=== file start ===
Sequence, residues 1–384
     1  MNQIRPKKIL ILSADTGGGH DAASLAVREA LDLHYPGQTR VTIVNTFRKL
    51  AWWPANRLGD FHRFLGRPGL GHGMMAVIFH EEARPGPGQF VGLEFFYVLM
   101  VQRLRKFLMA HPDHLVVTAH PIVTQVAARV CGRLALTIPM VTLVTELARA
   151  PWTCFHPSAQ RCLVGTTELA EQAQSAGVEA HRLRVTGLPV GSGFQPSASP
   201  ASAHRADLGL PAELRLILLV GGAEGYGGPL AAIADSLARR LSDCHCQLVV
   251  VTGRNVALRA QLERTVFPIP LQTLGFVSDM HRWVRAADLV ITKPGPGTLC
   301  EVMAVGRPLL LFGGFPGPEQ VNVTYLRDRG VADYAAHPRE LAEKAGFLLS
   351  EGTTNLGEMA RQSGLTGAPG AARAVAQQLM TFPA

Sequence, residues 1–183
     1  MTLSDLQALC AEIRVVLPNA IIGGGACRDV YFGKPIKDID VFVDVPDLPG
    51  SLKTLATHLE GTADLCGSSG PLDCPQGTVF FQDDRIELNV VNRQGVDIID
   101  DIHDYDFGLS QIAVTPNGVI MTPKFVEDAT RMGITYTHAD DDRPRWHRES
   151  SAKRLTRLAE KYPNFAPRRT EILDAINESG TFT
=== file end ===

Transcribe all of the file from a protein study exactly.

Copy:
Sequence, residues 1–384
     1  MNQIRPKKIL ILSADTGGGH DAASLAVREA LDLHYPGQTR VTIVNTFRKL
    51  AWWPANRLGD FHRFLGRPGL GHGMMAVIFH EEARPGPGQF VGLEFFYVLM
   101  VQRLRKFLMA HPDHLVVTAH PIVTQVAARV CGRLALTIPM VTLVTELARA
   151  PWTCFHPSAQ RCLVGTTELA EQAQSAGVEA HRLRVTGLPV GSGFQPSASP
   201  ASAHRADLGL PAELRLILLV GGAEGYGGPL AAIADSLARR LSDCHCQLVV
   251  VTGRNVALRA QLERTVFPIP LQTLGFVSDM HRWVRAADLV ITKPGPGTLC
   301  EVMAVGRPLL LFGGFPGPEQ VNVTYLRDRG VADYAAHPRE LAEKAGFLLS
   351  EGTTNLGEMA RQSGLTGAPG AARAVAQQLM TFPA

Sequence, residues 1–183
     1  MTLSDLQALC AEIRVVLPNA IIGGGACRDV YFGKPIKDID VFVDVPDLPG
    51  SLKTLATHLE GTADLCGSSG PLDCPQGTVF FQDDRIELNV VNRQGVDIID
   101  DIHDYDFGLS QIAVTPNGVI MTPKFVEDAT RMGITYTHAD DDRPRWHRES
   151  SAKRLTRLAE KYPNFAPRRT EILDAINESG TFT